Google Phantom the Quality Update

The month of May has seen a buzz in the SEO industry after it became apparent that there had been some changes in the search algorithms. Initially the secret update was dubbed the “Phantom” update because it hadn’t been pre-acknowledge by Google, but large-scale changes in ranking was definitely happening.  In fact you could have called call it ‘Phantom 2’ as Google did something similar back in May 2013 that got similar attention.

The initial large scale sites to report changes were Hubpages and WikiHow who were notably affected and suggested the algorithm change targeted “How To” websites, but there seems to be a wide range of sites that offer a similar class of information which have experienced gains in visibility too.

The initial thoughts around this being a web spam update were soon laid to rest as John Mueller from Google revealed that changes were made to its core algorithm in terms of how it processes quality signals – hence its settled-on name.


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How does Google assess quality now?

Google have always produced information on how to improve your site and the base information hasn’t changed for years.  The overarching element they focus on is to produce high-quality and valuable content to give a user the best experience possible.  Take note of the word ‘valuable’ here.
When content induces people to return to a site, share socially or link to the content from their website, then it can become a solid foundation to attracting a better and more engaged audience.  If your content is just blurb then it probably doesn’t tick the ‘valuable’ box, however if it offers something of interest that helps or has a meaning then it is going to improve your overall quality offering.

User expectations when it come to search have gone through the roof.  It’s no longer worth just trying to be good, you now need to be great, provide answers, solve problems and deliver content to meet high expectations.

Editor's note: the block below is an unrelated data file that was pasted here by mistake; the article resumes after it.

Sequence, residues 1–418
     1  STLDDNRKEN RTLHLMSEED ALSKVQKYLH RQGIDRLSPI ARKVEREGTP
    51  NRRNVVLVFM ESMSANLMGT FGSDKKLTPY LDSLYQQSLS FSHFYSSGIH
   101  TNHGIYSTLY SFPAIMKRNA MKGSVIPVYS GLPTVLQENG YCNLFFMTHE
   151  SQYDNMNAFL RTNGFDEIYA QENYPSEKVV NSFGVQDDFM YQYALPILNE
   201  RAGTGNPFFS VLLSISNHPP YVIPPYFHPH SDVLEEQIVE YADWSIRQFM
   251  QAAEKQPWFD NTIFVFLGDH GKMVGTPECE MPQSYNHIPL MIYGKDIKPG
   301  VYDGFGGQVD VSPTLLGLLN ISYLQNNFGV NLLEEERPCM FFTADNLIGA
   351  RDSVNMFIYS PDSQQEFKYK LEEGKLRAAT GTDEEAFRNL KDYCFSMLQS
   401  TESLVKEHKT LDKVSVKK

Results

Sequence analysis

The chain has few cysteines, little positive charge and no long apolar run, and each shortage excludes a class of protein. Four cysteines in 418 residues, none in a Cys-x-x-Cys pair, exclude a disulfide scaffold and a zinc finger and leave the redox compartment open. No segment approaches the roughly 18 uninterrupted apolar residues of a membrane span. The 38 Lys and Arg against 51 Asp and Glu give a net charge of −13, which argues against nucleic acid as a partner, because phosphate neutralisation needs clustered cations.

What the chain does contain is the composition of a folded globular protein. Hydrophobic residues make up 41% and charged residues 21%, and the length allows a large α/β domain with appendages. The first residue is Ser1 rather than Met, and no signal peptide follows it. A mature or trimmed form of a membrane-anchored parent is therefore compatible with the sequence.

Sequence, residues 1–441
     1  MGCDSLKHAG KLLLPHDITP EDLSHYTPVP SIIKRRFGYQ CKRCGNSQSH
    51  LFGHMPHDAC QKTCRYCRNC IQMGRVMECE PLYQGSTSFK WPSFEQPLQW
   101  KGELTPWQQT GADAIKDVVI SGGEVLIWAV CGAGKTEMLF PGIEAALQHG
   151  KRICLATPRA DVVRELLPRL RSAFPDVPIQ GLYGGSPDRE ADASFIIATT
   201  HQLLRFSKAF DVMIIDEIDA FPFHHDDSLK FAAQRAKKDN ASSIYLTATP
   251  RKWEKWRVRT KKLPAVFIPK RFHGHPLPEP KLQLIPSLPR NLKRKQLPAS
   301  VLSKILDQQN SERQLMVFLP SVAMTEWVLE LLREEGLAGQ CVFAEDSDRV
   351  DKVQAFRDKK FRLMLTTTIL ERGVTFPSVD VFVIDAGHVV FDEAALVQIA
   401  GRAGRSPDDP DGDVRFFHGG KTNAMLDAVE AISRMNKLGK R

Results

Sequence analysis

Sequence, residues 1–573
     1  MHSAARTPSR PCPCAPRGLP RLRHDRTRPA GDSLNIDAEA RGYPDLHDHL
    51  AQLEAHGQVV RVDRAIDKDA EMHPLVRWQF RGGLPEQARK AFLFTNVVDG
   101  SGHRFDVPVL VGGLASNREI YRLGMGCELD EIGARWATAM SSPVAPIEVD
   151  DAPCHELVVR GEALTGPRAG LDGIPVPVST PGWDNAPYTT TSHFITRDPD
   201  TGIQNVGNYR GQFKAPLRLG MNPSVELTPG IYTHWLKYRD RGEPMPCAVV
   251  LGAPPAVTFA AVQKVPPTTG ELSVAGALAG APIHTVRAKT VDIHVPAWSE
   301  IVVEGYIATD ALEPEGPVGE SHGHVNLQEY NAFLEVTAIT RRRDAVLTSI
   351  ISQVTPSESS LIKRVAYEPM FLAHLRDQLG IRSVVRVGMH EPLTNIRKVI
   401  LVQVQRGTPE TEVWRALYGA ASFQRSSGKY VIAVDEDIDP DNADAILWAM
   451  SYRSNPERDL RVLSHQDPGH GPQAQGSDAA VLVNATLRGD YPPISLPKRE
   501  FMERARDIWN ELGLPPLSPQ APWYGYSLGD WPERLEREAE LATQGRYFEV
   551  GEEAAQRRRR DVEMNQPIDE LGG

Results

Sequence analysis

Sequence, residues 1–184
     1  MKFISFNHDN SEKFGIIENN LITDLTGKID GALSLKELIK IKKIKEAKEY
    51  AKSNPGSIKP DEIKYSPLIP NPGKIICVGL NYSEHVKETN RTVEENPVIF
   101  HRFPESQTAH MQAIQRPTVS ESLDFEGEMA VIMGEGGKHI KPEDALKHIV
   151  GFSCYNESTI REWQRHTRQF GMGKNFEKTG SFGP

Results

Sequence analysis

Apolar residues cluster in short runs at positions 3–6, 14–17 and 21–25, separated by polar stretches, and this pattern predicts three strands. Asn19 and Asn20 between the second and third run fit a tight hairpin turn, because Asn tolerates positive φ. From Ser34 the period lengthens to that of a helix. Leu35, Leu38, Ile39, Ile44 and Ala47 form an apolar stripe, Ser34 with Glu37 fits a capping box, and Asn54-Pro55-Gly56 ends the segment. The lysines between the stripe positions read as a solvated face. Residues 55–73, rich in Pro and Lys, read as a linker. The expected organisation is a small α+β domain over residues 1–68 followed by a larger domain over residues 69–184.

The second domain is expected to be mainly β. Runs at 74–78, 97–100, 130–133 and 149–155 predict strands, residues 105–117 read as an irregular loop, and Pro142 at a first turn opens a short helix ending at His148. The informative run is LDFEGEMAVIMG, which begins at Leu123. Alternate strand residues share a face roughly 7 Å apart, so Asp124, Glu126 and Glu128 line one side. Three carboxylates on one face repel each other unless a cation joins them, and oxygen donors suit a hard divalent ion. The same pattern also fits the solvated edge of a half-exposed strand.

To achieve high-quality Content you can break it down into five key areas:

  1. Content needs to be useful and informative and improves customers user experience when using your website so avoid nasty ads and pop ups and unnecessary thin content pages.
  2. Creating content that is more valuable and useful than other sites can be achieved by offering a different perspective on a common subject.
  3. Content has to be credible – and this can be achieved by showing original research with links or using real testimonials to boost a site’s reputation.
  4. Content will benefit if it is unique and not if it is mass-produced on many other websites.
  5. Creating engaging content by adding images of your subject matter and interact with your audience via comment boxes or social media widgets.

Make sure you avoid:

  1. Errors in the form of misinformation, broken links or grammar/spelling mistakes.
  2. Excessive use of ads.
  3. Spam in comments or onsite forums.
  4. Pointless website copy used for filling pages.
  5. Copied images on all of your pages.

These are all reasons for a visitor to mistrust a site.

So, a site with low-quality content could potentially be affected by this Google ‘Phantom’ algorithm update even if some pages on the site do offer high-quality information. The message is clear: aim a site towards user experience with content and user experience being the driving force across all pages, don’t leave any stone unturned.

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